Wednesday, November 14, 2012

September Bay Area Press Release

Bay Area Home Sales and Prices Up

November 14, 2012

La Jolla, CA.--The number of homes sold in the Bay Area increased on a year-over-year basis for the sixteenth month in a row in October while the median price paid rose for the sixth month, the result of a gradual rebalancing of the real estate market. Mortgage availability remains an issue, a real estate information service reported.

A total of 7,795 new and resale homes were sold in the nine-county Bay Area last month. That was up 13.8 percent from 6,850 in September, and up 21.0 percent from 6,444 for October 2011, according to San Diego-based DataQuick.

Sales for the month of October have varied from 5,486 in 2007 to 13,392 in 2003, while the average for all months of October since 1988, when DataQuick’s statistics start, is 8,587.

Last month sales continued to fall below year-ago levels in the lower price categories and rise sharply in the middle and high end of the market. October transactions below $300,000 fell 15.2 percent compared with a year earlier, while sales in the $400,000 to $800,000 range rose 25.7 percent, and deals above $800,000 jumped 47.1 percent from last October.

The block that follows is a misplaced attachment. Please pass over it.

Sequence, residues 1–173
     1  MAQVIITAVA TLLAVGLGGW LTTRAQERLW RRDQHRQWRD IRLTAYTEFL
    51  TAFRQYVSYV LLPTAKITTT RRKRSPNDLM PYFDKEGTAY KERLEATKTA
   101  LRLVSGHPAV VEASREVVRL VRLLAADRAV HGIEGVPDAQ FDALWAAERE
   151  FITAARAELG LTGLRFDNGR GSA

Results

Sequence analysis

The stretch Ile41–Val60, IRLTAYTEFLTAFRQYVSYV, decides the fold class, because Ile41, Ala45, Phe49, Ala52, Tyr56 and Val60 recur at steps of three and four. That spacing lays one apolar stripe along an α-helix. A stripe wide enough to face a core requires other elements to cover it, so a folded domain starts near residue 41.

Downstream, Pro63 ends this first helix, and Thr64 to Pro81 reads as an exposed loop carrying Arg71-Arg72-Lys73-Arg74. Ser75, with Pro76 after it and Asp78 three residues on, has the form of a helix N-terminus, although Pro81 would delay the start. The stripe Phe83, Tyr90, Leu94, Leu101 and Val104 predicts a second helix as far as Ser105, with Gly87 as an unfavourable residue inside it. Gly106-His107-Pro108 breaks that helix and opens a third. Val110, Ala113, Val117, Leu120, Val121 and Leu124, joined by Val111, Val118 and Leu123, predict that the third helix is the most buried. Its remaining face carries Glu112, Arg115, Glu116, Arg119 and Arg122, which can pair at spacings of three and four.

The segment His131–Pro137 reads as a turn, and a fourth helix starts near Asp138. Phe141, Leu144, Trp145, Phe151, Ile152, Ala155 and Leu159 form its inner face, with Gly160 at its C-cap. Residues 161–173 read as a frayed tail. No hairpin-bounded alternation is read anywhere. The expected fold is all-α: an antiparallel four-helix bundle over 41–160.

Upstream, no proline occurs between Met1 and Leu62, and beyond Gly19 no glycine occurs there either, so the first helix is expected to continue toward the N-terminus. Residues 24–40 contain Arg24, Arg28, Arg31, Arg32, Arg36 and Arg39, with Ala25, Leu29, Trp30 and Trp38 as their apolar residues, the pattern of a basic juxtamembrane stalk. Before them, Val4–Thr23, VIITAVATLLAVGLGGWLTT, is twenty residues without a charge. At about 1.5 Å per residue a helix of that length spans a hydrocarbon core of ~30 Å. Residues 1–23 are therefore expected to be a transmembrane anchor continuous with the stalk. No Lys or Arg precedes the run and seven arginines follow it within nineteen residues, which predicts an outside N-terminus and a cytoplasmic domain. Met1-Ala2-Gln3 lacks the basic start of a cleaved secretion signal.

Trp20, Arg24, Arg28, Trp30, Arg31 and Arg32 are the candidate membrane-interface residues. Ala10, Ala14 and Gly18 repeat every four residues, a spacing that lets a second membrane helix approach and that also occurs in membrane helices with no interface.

The median price paid for a home in the Bay Area was $416,000 last month. That was down 3.0 percent from $429,000 in September and up 18.9 percent from $350,000 in October a year ago. The year-over-year percentage increase was the highest since May 2010, when the $410,000 median rose 20.1 percent.

The median’s low point of the current real estate cycle was $290,000 in March 2009. The peak was $665,000 in June/July 2007. Around half of the median’s peak-to-trough drop, as well as half the median’s current year-over-year increase, was the result of a shift in the sales mix.

“We’re still watching the market regain the ground it lost after 2007. It’s unclear exactly much of today’s apparent price increase reflects actual growth, and how much reflects a change in market characteristics. The two factors obviously play into each other. We’re definitely seeing less distress and foreclosure activity, and more mid- to up-market sales. Supply is limited, and getting through the mortgage process is still rough,” said John Walsh, DataQuick president.

Last month distressed property sales – the combination of foreclosure resales and “short sales” – made up about 33 percent of the resale market. That was down from about 38 percent in September and down from about 63 percent in October 2011.

Foreclosure resales – homes that had been foreclosed on in the prior 12 months – accounted for 12.0 percent of resales in October, down from a revised 14.1 percent in September, and down from 25.3 percent a year ago. Last month was the lowest since foreclosure resales were 10.1 percent in November 2007. Foreclosure resales peaked at 52.0 percent in February 2009. The monthly average for foreclosure resales over the past 17 years is about 10 percent.

Short sales – transactions where the sale price fell short of what was owed on the property – made up an estimated 21.4 percent of Bay Area resales last month. That was down from an estimated 23.5 percent in September and down from 24.9 percent a year earlier.